In Senate, Cable Claims Two Wins, One Setback3/09/2004 10:37 AM Eastern
The Senate Commerce Committee Tuesday rejected in a close vote a proposal that would have imposed large monetary fines on any cable operator caught breaking federal broadcast-indecency regulations.
In another close call, Sens. John McCain (R-Ariz.) and Fritz Hollings (D-S.C.) floated amendments that would have required cable operators to offer a la carte channels.
But the lawmakers pulled them, fearing that a la carte mandates would take the steam out of hard-hitting broadcast-indecency legislation that surged in popularity after Janet Jackson's breast exposure at the Super Bowl.
However, cable didn't escape unharmed. The bill would levy stiff fines on cable for transmitting violent programming during nonexempt times if the Federal Communications Commission determined that blocking technology and content ratings failed to protect children from exposure to "excessive or gratuitous" TV violence.
Sponsored by Hollings, the violence provision exempts pay-per-view and premium channels.
The FCC bars indecent programming -- roughly defined as crude and smutty talk and images related to sexual and excretory activities -- from 6 a.m.-10 p.m., when children are expected to be in the audience. Both the House and Senate bills lean on the agency to start revoking licenses after three indecency violations.
Sen. John Breaux (D-La.) - author of the cable-indecency amendment that went down to defeat in a 12-11 vote -- sought to apply broadcast-indecency rules to "expanded-basic" programming, the service tier that includes dozens of cable networks, including Cable News Network, ESPN and MTV: Music Television.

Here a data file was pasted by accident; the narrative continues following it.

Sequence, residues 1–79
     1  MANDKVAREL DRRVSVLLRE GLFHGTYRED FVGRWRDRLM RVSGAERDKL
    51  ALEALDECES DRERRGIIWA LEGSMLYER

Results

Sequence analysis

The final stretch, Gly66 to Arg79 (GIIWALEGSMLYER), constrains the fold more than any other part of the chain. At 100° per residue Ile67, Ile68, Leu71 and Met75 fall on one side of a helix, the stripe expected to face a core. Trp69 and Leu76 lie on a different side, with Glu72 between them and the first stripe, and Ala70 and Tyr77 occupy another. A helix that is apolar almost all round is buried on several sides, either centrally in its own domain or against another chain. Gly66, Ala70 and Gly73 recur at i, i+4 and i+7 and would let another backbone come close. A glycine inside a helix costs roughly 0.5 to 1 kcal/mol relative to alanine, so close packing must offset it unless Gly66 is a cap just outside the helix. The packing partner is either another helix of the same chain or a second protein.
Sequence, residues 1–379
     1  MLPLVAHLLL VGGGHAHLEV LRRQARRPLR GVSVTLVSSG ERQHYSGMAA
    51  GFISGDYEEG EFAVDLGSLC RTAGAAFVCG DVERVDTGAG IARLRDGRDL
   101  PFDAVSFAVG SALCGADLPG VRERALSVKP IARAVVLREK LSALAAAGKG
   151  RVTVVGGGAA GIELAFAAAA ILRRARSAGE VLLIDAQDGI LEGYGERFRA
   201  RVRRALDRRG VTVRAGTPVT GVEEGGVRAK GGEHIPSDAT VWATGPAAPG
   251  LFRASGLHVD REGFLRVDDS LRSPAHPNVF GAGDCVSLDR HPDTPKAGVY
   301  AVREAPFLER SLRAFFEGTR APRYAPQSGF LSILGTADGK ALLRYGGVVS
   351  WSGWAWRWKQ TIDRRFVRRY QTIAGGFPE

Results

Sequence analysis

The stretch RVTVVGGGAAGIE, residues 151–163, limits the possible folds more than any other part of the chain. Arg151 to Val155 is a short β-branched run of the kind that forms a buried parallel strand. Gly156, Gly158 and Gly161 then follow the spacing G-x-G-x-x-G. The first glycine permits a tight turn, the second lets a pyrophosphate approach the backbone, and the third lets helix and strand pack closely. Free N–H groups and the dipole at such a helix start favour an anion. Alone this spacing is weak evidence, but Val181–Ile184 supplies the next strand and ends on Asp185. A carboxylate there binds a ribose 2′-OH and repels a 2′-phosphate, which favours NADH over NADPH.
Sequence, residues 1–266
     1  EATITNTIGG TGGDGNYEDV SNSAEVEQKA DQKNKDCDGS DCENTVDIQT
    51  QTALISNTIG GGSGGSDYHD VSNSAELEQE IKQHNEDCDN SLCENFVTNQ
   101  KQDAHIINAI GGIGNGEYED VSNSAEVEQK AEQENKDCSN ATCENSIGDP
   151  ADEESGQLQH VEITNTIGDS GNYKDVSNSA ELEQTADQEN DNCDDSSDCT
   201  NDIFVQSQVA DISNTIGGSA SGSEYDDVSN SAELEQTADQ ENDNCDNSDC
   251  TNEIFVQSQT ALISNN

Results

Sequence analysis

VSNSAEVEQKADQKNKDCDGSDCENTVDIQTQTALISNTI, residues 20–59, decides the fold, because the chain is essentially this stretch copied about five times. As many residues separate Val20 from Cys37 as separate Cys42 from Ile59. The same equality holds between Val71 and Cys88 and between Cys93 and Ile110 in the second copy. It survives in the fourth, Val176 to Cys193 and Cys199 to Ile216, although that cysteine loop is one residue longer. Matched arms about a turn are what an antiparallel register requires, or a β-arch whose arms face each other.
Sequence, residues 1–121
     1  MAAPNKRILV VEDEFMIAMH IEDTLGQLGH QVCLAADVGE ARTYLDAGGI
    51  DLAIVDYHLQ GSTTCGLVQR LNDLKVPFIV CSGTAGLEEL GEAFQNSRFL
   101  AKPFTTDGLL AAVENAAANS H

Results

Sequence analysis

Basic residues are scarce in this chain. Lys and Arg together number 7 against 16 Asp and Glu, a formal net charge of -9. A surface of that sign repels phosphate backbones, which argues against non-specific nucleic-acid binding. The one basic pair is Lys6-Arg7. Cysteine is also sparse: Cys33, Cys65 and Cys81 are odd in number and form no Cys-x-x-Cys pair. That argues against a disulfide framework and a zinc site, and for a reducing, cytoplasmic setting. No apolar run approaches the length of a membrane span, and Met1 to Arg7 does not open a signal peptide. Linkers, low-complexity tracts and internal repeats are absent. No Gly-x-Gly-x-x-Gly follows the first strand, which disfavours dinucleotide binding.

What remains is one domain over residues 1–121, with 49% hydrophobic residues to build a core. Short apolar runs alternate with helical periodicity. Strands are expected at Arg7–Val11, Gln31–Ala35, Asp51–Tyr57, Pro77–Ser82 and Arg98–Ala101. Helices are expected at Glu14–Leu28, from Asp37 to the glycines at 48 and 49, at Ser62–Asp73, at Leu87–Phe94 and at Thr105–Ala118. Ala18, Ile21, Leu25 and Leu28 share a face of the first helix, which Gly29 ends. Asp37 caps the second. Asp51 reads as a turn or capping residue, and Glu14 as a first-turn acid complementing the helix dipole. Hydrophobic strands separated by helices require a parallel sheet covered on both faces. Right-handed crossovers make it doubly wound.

Breaux's amendment covered all pay TV providers, including direct-broadcast satellite, and exempted pay-per-view and premium programming.
Breaux argued that there was no reason to exclude cable and DBS from indecency rules when they use spectrum to some extent just like TV and radio broadcasters.
"All of them use the public airwaves," he added. "Cable uses the public airwaves to get the content to the cable companies."
If Breaux's amendment had passed, the FCC could have fined a cable operator, in certain circumstances, up to $3 million for multiple violations occurring in a single day.
Breaux's amendment was unenforceable if the FCC determined that 85% of households with children were using the V-chip or similar blocking technology programming, or had affirmatively said they didn't want blocking capabilities.